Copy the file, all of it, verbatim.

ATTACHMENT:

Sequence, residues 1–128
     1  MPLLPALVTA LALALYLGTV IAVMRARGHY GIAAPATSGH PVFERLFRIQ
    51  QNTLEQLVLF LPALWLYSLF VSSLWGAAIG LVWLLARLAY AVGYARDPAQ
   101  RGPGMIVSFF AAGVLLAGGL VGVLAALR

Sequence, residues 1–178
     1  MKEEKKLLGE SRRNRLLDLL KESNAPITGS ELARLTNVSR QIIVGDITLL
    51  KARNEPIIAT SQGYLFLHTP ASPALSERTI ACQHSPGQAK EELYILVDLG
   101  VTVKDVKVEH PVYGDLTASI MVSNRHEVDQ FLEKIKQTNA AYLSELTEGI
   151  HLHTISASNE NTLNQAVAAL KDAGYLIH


Sequence, residues 1–128
     1  MPLLPALVTA LALALYLGTV IAVMRARGHY GIAAPATSGH PVFERLFRIQ
    51  QNTLEQLVLF LPALWLYSLF VSSLWGAAIG LVWLLARLAY AVGYARDPAQ
   101  RGPGMIVSFF AAGVLLAGGL VGVLAALR

Sequence, residues 1–178
     1  MKEEKKLLGE SRRNRLLDLL KESNAPITGS ELARLTNVSR QIIVGDITLL
    51  KARNEPIIAT SQGYLFLHTP ASPALSERTI ACQHSPGQAK EELYILVDLG
   101  VTVKDVKVEH PVYGDLTASI MVSNRHEVDQ FLEKIKQTNA AYLSELTEGI
   151  HLHTISASNE NTLNQAVAAL KDAGYLIH